Parts 9 & 10
How does the protagonist change from the beginning to the end of the novel? What does this character learn about himself (or herself) and about how the world works?
In the book Anthem by Ayn Rand, the main character, Equality 7-2521 (let's just call him Equality to make it more simple) is presented with several boundaries and controversies which further develop his character and personality - which he is not supposed to have. I wouldn't particularly say Equality has 'changed' throughout the chapters, I'd rather say he has developed or grown, as at the beginning he had the seed of doubt, which, fed with the water of experience, has reached new heights in his mind. Starting with the taboo of seperating himself from his community (writing his diary on his doubts) and continuing with his confirmation of breaking several laws/social norms in - what I assume - is record time. In his community, everyone is supposed to be a simple, mindless drone, going on with unproductive work, which at the end of the day tallies up to nothing as only ideas/changes that are made up by the WHOLE community are accepted, individual ones are rejected and even could get you into prison.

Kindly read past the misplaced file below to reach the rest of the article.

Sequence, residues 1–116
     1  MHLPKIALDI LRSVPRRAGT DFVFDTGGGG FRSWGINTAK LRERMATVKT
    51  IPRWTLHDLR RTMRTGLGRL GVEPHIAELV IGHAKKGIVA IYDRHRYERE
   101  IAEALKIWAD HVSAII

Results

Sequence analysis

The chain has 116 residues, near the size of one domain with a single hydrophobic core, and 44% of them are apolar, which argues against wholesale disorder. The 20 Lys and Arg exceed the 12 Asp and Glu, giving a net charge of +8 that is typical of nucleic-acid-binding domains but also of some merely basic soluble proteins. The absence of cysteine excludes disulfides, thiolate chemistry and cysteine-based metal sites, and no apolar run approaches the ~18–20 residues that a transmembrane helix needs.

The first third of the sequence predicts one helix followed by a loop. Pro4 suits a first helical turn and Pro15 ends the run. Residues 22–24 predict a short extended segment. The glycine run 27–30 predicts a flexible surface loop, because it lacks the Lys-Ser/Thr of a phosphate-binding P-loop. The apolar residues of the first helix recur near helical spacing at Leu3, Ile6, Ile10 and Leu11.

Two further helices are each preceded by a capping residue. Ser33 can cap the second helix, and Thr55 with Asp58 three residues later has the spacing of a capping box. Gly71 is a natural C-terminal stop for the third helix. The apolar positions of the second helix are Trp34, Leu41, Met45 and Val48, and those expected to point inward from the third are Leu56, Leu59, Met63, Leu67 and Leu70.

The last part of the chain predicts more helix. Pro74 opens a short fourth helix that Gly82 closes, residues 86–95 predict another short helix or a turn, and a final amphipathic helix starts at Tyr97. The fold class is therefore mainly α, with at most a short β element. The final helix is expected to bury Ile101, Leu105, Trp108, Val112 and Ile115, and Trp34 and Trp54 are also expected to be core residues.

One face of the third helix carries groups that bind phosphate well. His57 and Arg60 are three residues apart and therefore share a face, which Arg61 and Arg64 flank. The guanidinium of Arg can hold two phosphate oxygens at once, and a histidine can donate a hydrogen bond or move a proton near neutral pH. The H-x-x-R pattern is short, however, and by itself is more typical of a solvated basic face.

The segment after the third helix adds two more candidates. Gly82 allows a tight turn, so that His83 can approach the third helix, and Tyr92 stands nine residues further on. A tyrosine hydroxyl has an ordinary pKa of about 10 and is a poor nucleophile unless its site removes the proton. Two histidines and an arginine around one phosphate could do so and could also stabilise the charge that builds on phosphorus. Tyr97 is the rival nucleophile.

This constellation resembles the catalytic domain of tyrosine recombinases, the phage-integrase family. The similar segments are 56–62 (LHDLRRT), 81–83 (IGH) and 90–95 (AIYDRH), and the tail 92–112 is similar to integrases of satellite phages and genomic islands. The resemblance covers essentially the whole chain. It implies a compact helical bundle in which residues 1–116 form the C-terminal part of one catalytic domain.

Equality learns that everyone is supposed to be their own person, with their own personality, interests, and ambitions, and that the society he used to be a part of is pitifully dull and with no hopes of evolving (in its current state, at least.) He learns to appreciate the perks and merits of individuality, finally accepting his personality despite his uncertainness and confusion ensuing the exploration of the hidden laboratory and his eventual rejection with the Council of Scholars. With the abrupt and shocking knowledge of the err of his race in the choices they have made, or the realization that all their effort amounts to nothing at all, Equality struggles to find balance and grasp the truth in his forest of illusion. Eventually, through a rough transition of mindset, he finds out that the world should not be made out of brains tricked into the same thoughts, but of brains who are actively challenging and welding their outlook on life and intellectual output.